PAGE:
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reviewed  Reviewed Prove in GL that no statement can be proven consistent with PA unless PA is inconsistent 
Jan
31 
comment 
Can one make highlevel proofs about chess positions?
Note that the last example on the Wikipedia page was composed by Lasker who was also a mathematician. Maybe this is not a coincidence. 
Jan
31 
comment 
Can one make highlevel proofs about chess positions?
Why isn't the K+Q vs K example you gave an example for your second question? Or say K+R vs R? The tree is probably too big for a human to draw by hand (probably thousands of nodes) but it's not hard to give a rigorous proof, as you did yourself. A slightly more complicated and interesting example might be the theory of corresponding squares? en.wikipedia.org/wiki/Corresponding_squares 
Jan
29 
reviewed  No Action Needed Relation between symplectic blowup of a compact manifold and fibre bundles over same manifold 
Jan
28 
reviewed  No Action Needed Elliptic regularity and inhomogeneous Neumann boundary condition 
Jan
28 
reviewed  No Action Needed Extracting a full rank matrix from a 01 matrix 
Jan
26 
reviewed  No Action Needed Simulate a graph from a certain distribution 
Jan
22 
reviewed  No Action Needed On numerical approximation to stationary distribution of diffusion process 
Jan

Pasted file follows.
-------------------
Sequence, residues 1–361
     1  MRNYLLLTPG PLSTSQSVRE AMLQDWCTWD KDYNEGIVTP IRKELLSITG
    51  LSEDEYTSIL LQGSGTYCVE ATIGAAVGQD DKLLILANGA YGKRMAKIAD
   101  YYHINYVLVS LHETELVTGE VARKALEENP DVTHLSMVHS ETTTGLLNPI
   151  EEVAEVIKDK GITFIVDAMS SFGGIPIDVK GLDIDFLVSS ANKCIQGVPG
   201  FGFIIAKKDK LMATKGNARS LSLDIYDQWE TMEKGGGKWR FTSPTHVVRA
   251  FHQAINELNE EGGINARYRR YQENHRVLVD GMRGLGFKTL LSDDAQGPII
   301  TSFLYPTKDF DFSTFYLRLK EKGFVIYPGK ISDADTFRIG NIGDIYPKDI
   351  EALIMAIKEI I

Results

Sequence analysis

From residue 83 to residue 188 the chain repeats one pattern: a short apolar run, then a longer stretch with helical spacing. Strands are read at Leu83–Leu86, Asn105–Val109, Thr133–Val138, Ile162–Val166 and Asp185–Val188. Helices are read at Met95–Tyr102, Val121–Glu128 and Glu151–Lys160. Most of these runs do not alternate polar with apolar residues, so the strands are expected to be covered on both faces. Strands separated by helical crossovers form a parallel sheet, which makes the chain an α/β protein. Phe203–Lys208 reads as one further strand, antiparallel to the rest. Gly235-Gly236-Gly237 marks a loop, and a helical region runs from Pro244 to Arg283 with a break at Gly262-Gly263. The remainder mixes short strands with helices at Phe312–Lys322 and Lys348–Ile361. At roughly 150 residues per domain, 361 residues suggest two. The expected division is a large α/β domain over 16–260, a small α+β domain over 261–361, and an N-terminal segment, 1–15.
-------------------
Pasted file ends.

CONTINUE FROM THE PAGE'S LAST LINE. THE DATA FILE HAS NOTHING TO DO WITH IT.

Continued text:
22 
reviewed  No Action Needed Detection tools for (reduced) suspension 
Jan
21 
reviewed  No Action Needed concentration inequality for entropy from sample 
Jan
17 
reviewed  No Action Needed Intuitive functional analysis book 
Jan
10 
reviewed  No Action Needed Distribution of values of quadratic polynomials over a finite field 
Jan
10 
reviewed  No Action Needed Locked convex polyhedra 
Jan
2 
awarded  Informed 
Jan
2 
awarded  Civic Duty 
Dec
23 
comment 
Which finite groups can be characterized by their automorphism groups?
You need to be more precise about what you mean by $Aut(H)=Aut(G)$. Do you mean that $Aut(H)$ is isomorphic (as an abstract group) to $Aut(G)$? 
Dec
23 
comment 
Characterizing cyclic group of order $n=p_1^{n_1}p_2^{n_2}\cdots p_r^{n_r}$, by Lattice isomorphisms
Can you remind us what is L(G)? 
Dec
21 
reviewed  No Action Needed Magic tesseract of order 3 composed of prime numbers 
Dec
3 
comment 
connected and vertextransitive prime graphs with respect to Cartesian product
Assuming that $f$ grows quickly, the largest term in the sum will probably be $f(1)f(n1)$ and so an upper bound will be $nf(1)f(n1)$. Again, assume that $f$ grows quickly, this will be much smaller than $f(n)$. 
Dec
3 
comment 
connected and vertextransitive prime graphs with respect to Cartesian product
This counting argument should work no matter the product. Consider a specific example, for simplicity: graphs of order a power of two. (Which some people expect will dominate the count anyway.) Let $f(n)$ be the number of graphs of order $2^n$. Given a graph product, which takes as input an ordered pair of two graphs and outputs one with order the product of the orders, one has the following upper bound on the number of nonprime graphs of order 2^n: it's at most $f(1)f(n1)+f(2)f(n2)+...+f(n1)f(1)$.